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Blogs are better than academic journals…

January 19, 2012

… for many things, including disseminating new knowledge, advancing knowledge, resolving practical problems and learning about things. The main purpose for academic journals these days seems to be to increase the prestige of the person publishing.

Debate is very important for advancing knowledge – There is no debate in academic journals. Research is published as if it is established truth. Some of the most profound insights I have gained in my study of economics have been from following an intense debate between several highly skilled practitioners, and I am not alone. To move the state of knoweledge, you need to convince, and you can’t convince people without actively engaging them.

Feedback is important for learning – There is no feedback mechanism in journals, but blogs have comments. Conversations in the comments section provides feedback to both the author and the people reading the blog. If you write something that is wrong, commenters will typically let you know, as well as provide feedback on what to improve. The tone of discussion, in my experience, has usually been polite and respectful.

Multiple levels are important for teaching – In order to fully learn a concept, you need many levels. Basic, intermediate and advanced, not just the more advanced new research. The level of debate on blogs ranges from simplistic to far more subtle and sophisticated than is in any textbook, even at the graduate level. The main reason, I think, is because textbooks are typically written by one or maybe two people, so they only have the viewpoints of a few people included.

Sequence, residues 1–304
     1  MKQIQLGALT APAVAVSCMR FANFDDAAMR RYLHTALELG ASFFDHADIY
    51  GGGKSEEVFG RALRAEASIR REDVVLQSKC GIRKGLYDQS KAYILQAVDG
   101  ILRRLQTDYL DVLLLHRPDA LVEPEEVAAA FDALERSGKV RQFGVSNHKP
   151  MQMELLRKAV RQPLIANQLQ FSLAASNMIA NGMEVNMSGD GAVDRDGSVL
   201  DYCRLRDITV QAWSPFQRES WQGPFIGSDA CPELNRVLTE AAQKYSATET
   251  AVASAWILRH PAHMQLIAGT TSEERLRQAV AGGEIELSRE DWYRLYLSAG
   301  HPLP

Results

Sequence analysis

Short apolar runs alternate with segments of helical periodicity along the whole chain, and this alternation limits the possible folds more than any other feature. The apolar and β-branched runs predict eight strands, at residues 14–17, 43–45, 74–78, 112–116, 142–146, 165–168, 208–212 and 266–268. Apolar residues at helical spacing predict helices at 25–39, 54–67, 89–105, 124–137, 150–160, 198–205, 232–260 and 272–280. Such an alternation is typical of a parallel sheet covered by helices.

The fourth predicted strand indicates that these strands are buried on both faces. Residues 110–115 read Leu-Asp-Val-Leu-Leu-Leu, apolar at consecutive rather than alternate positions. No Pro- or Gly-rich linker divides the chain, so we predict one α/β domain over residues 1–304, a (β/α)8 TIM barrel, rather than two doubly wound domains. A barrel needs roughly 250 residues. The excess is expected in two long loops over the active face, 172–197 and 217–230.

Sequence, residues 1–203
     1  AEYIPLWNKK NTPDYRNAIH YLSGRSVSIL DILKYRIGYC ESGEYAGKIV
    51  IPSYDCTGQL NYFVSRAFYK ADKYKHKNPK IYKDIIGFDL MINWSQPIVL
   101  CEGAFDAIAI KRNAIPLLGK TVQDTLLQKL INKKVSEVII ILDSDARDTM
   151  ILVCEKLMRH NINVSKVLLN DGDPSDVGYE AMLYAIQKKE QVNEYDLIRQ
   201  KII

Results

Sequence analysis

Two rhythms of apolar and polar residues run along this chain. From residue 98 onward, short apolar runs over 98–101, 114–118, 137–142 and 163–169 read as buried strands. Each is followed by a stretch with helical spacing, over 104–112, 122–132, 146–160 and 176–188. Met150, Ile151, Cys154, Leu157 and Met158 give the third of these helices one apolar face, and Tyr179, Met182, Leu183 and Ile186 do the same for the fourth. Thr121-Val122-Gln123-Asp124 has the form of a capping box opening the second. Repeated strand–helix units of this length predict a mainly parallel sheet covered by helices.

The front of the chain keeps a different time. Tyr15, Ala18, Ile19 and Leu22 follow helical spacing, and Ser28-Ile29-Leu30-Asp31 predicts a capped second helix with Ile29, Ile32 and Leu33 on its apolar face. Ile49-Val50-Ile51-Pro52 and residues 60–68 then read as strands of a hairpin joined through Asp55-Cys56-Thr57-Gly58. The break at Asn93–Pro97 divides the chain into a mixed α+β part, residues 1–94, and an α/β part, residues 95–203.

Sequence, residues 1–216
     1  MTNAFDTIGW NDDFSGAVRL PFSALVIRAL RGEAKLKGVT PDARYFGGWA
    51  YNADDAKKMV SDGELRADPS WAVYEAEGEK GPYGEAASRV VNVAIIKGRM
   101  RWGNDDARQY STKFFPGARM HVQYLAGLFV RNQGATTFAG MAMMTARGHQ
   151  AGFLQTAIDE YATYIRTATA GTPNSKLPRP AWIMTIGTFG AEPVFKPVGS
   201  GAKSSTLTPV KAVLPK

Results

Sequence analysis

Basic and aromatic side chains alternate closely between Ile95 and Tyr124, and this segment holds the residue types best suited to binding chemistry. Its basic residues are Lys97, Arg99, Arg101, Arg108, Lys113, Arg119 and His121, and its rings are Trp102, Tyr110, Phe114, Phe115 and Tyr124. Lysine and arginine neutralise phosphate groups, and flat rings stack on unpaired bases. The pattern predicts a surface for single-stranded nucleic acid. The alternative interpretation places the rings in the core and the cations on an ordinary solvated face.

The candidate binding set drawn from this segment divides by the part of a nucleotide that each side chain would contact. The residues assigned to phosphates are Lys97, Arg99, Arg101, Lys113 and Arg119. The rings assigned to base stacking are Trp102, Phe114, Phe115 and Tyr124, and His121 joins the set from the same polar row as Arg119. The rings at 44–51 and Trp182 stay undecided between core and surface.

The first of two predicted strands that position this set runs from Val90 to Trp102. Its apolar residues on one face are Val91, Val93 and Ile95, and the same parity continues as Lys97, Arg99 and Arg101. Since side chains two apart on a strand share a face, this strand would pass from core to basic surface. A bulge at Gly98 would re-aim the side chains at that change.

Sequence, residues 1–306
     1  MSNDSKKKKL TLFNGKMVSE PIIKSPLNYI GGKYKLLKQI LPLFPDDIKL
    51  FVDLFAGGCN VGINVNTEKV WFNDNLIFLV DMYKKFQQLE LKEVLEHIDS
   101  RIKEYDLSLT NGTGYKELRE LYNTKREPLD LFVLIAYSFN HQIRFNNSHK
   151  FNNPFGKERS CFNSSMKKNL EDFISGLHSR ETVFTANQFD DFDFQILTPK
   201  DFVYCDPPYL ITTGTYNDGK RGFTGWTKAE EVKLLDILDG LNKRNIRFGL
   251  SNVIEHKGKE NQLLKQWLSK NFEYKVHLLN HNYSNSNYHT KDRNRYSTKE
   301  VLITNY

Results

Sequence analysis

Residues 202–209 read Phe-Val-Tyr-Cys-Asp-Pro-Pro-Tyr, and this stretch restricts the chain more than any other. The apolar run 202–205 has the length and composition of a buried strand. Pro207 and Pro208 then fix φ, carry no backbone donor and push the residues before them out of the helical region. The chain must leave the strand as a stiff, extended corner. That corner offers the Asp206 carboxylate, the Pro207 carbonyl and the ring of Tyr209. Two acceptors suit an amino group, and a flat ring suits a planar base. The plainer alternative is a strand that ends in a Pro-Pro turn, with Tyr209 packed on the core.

Beating a Dead Horse on Math – A long time ago, people wrote math as a way of clarifying verbal arguments. Today, people write math because they want to conceal the fact that they have nothing to say. Marshall was right in that you should be able to translate your argument into math if you really understand it. But likewise you should be able to translate your math into words. For example, Woodford (who is an extremely good economist), gets a multiplier in a flexible price model by assuming that the government is just really good at producing things and that the central bank can perfectly control the interest rate. Well, sure, but that doesn’t tell us anything about reality. It took Nick Rowe, a blogger and a really good economist, a lot of effort to figure out what precisely he was saying.

Disemenation – A journal article from JSTOR can cost in the neighborhood of $50. That’s insane. A solid textbook costs around $100 and usually includes summaries and insights from dozens, if not hundreds, of journal articles. I was thinking of a list of journal articles that are worth $50. At first, I came up with a few articles I really like, which would have been cool for status affiliation, but honestly no 20 page article is worth $50. A journal is not a good avenue for getting people to read your work. Most articles go unread and uncited, and if an article is good enough to make it to a top-tier journal, it would have been good enough to become a popular blog post anyway. Journals are more a way to signal that you are good at playing the game of academic publishing rather than a way to spread your ideas. I bet Marginal Revolution gets more hits than the QJE, JPE, Econometrica and the AER combined.

Further Reading:
Paul Krugman on blogs vs journals.
Cheap Talk on the perfect journal
DSHR on Peer review
The Guardian on Academic publishing
Academics should blog
The Virtues of Blogging

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